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Many streamers incorporate the use of an Audio Interface within their streaming setup. With the ASIO for OBS plugin, you can utilize its full feature set.
What is ASIO?
You would be forgiven if you don’t know what ASIO is. Most people have never heard of the term before. You might have if you’ve dabbled in creating music though. ASIO, or “Audio Stream Input/Output” is an Audio Transfer Protocol developed by Steinburg back in 1997 and updated in 1999 to version 2.0.
ASIO was developed for use by the music industry and allows Audio Interfaces(otherwise known as external sound cards) to get access to its full capability of the multi-channel sound devices embedded in the hardware.
With the proper drivers attached to your Audio Interface, depending on the Interface you have, you can have anywhere between 1-20+ different channels that can be input into a pc.
Why would you need 20+ devices into your sound card?
Well, that would depend on what you are using it for. Most streamers won’t necessarily need an interface with that much I/O capability, but again, it depends on what you are streaming.
Say, for example, you are a Drummer with an Acoustic Drumset. A drum kit has about 7 total pieces that need to be captured. Well, you would need 7 microphones, positioned beneath/next to the drums to capture the most “natural” sound from it. See, a singular microphone can do the job okay, but 7 mics set up under each part will dramatically improve the detail of each piece of the setup.
Incidentally, the most utilized mic for a drum kit is the Shure SM57.
VST on a Per-drum basis – Why ASIO is amazing.
If you had an interface with 7 Input signals. and 7 output signals, you can then control them on the pc. You gain the ability to apply Unique EQ to each signal, further enhancing the sound and getting closer to one that defines you as a drummer.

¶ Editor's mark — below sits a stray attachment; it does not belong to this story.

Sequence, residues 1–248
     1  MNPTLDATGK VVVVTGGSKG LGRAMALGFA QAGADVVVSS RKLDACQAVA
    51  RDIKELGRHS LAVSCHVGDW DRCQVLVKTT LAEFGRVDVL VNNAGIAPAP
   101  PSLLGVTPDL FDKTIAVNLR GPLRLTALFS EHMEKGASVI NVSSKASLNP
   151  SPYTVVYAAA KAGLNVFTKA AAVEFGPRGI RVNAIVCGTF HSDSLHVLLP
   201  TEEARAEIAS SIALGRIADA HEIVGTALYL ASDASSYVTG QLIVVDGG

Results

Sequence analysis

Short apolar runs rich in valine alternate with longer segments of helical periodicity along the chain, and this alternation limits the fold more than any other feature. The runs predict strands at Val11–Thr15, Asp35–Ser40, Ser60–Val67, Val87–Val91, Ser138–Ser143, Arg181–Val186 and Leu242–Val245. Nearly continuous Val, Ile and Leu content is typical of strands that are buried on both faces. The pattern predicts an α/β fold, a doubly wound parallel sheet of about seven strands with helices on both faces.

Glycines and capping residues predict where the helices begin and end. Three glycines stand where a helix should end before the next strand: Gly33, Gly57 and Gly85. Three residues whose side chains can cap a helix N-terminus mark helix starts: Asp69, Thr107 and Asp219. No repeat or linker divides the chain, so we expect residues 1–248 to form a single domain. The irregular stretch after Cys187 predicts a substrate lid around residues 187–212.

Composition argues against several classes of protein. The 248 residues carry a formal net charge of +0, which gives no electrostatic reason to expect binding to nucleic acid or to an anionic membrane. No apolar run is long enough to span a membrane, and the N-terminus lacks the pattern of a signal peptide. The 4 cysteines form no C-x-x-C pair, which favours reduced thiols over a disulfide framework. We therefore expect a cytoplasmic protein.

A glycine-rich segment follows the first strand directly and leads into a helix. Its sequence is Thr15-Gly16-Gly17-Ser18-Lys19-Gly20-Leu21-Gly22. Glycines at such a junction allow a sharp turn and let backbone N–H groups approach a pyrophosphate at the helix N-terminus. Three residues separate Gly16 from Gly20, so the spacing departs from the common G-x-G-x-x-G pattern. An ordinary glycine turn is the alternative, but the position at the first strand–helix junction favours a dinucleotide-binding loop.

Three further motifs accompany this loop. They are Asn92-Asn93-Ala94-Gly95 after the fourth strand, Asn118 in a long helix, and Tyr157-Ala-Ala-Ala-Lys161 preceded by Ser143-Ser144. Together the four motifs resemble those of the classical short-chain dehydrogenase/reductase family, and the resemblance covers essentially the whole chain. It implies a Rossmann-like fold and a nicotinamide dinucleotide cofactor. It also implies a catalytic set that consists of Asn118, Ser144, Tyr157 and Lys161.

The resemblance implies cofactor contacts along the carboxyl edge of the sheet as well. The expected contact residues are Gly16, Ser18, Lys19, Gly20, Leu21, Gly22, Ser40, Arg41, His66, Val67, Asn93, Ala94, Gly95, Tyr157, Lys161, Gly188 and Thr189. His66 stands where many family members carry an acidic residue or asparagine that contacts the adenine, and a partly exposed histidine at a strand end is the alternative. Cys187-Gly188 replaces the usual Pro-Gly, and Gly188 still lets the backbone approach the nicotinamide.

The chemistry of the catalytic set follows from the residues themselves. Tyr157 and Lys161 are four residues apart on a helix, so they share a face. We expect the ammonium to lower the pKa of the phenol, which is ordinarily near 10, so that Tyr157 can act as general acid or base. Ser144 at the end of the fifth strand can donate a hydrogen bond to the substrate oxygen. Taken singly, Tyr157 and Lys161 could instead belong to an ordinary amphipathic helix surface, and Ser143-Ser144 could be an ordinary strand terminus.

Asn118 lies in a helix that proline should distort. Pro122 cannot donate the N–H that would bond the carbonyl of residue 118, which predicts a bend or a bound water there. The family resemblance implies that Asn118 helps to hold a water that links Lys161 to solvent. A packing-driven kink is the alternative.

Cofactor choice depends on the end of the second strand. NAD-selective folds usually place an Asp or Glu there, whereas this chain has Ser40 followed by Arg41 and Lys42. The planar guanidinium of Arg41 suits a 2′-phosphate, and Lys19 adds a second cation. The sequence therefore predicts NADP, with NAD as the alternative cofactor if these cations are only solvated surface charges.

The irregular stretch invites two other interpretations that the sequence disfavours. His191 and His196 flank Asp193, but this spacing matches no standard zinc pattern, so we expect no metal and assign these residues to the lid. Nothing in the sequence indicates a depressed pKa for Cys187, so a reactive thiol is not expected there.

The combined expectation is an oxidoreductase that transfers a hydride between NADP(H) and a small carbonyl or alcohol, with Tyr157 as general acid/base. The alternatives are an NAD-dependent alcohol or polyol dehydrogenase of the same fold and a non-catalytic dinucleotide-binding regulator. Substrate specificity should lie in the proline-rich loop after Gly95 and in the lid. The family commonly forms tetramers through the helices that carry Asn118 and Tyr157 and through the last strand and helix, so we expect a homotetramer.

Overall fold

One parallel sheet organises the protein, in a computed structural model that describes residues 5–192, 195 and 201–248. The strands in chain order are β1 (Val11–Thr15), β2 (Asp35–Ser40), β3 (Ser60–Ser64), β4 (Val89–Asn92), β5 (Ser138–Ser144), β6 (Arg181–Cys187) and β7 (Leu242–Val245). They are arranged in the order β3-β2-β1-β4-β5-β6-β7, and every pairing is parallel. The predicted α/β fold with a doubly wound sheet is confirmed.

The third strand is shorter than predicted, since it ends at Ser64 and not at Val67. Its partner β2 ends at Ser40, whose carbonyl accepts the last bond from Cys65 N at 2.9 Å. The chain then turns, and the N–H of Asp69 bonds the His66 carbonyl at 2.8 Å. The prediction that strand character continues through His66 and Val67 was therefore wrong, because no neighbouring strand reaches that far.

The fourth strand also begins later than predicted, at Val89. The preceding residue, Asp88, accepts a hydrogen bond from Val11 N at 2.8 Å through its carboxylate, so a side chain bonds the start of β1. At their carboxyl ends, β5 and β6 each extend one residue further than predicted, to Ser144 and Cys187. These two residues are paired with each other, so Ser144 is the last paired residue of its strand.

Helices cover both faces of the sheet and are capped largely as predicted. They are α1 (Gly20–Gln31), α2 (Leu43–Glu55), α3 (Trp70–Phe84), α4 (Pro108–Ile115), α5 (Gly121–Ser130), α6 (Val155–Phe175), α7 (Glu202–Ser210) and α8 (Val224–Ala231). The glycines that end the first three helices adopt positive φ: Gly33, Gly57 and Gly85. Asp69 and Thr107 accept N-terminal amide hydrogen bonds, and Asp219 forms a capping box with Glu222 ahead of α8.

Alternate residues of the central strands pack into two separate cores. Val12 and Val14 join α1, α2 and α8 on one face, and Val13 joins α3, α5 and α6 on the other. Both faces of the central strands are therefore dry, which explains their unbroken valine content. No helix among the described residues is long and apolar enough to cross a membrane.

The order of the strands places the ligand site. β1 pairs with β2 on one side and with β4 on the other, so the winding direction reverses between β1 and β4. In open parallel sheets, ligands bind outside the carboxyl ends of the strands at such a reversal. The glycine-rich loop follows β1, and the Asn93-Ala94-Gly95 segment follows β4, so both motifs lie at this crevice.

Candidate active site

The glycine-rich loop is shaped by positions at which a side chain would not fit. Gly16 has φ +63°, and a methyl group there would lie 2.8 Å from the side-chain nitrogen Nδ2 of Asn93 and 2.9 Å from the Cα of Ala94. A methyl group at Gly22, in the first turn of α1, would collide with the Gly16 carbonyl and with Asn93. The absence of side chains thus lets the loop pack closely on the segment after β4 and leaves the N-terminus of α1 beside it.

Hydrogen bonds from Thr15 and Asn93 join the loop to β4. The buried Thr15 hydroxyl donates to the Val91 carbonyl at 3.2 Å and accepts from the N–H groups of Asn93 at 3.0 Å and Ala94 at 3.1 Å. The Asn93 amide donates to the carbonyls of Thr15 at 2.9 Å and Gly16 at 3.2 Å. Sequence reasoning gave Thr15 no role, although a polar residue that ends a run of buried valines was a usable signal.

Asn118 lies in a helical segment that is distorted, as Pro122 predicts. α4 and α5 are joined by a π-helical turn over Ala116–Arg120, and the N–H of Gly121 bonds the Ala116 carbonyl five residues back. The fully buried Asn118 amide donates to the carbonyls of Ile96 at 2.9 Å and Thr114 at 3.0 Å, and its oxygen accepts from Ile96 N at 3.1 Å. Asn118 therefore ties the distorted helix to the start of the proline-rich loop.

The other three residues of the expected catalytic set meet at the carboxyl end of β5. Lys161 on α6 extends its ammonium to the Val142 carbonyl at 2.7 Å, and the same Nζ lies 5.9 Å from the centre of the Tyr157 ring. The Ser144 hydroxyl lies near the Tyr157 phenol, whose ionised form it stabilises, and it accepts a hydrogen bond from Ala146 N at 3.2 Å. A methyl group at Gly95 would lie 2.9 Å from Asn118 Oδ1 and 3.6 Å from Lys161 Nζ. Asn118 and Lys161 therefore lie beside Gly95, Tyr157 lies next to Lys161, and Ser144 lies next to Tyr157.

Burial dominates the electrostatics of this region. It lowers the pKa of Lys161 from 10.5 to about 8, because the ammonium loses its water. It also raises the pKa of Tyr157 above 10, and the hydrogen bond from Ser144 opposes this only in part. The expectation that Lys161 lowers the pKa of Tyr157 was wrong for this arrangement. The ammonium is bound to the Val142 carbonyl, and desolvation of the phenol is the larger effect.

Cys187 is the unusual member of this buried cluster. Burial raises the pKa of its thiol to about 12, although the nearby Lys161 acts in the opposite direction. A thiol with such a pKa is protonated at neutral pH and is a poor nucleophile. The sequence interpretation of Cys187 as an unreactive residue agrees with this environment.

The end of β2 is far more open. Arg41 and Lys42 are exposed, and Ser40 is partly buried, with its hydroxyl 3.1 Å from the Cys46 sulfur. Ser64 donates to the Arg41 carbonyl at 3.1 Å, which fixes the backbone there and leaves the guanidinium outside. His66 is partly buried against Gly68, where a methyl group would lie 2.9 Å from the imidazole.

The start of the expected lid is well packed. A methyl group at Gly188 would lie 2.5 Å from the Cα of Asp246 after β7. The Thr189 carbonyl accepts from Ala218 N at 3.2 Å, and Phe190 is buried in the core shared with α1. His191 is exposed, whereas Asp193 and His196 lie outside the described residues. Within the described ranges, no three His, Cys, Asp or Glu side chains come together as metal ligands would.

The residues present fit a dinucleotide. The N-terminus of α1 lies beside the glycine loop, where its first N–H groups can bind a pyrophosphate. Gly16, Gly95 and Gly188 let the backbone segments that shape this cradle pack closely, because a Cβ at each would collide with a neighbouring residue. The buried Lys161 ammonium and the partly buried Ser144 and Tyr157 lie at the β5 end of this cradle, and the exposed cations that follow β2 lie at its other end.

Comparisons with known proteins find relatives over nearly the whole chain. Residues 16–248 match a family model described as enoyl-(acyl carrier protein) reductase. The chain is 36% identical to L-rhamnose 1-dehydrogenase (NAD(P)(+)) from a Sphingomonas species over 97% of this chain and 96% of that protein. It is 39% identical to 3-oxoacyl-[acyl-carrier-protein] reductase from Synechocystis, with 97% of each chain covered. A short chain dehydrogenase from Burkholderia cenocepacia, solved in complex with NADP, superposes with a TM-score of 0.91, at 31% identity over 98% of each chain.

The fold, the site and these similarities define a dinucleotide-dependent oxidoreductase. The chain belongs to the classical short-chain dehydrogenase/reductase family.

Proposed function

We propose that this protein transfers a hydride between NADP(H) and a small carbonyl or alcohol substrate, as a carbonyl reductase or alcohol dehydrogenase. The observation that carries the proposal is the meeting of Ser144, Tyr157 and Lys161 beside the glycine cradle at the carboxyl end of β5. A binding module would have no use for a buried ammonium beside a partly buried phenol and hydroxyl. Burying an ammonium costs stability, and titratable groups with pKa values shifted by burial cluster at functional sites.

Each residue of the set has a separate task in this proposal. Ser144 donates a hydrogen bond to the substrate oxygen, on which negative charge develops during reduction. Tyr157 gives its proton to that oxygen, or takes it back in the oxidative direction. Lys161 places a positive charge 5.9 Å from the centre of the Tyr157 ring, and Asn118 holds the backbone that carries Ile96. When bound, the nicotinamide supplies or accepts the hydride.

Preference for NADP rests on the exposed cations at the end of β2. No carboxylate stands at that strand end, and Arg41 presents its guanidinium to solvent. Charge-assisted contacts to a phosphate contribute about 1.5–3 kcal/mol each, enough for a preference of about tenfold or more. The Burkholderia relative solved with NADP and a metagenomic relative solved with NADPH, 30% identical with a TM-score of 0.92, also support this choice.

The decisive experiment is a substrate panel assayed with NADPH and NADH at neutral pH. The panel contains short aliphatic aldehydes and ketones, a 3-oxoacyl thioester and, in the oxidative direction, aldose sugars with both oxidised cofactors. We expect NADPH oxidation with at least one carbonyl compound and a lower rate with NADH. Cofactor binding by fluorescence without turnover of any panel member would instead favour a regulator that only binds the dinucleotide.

This is done VIA a VST plugin. Virtual Studio Technology is a format that audio engineers, musicians, and even big-budget movie productions use to create high-quality sound effects by modifying the sound wave in various ways. One of the most common ways is Equalization.
You’ve heard of “Digital Remaster” before, right? Basically, they took the recording and applied some VST effects to it. Either that or the more expensive hardware studio technology that does the same thing as VST, but is a bit more stable, and is subjectively higher quality.
Those devices tend to be out of the budget range of a streamer, so instead, we opt for Free VST effects and apply that to your audio to boost its quality in some way, maybe eliminating noise with a noise suppressor, or help prevent peaking using a compressor VST plugin.
Okay, So ASIO expands the functionality of an Audio Interface. What about ASIO for OBS?
Download ASIO for OBS
So, this plugin was developed by two people over on GitHub; Pkv and Andersama. Essentially, all it does is enable OBS to use ASIO devices as a source on OBS. You can do some pretty radical things with this setup, like a True Stereo microphone setup.
We have tested it extensively, and it is stable enough to utilize in your day-to-day operations. It is fairly straight-forward.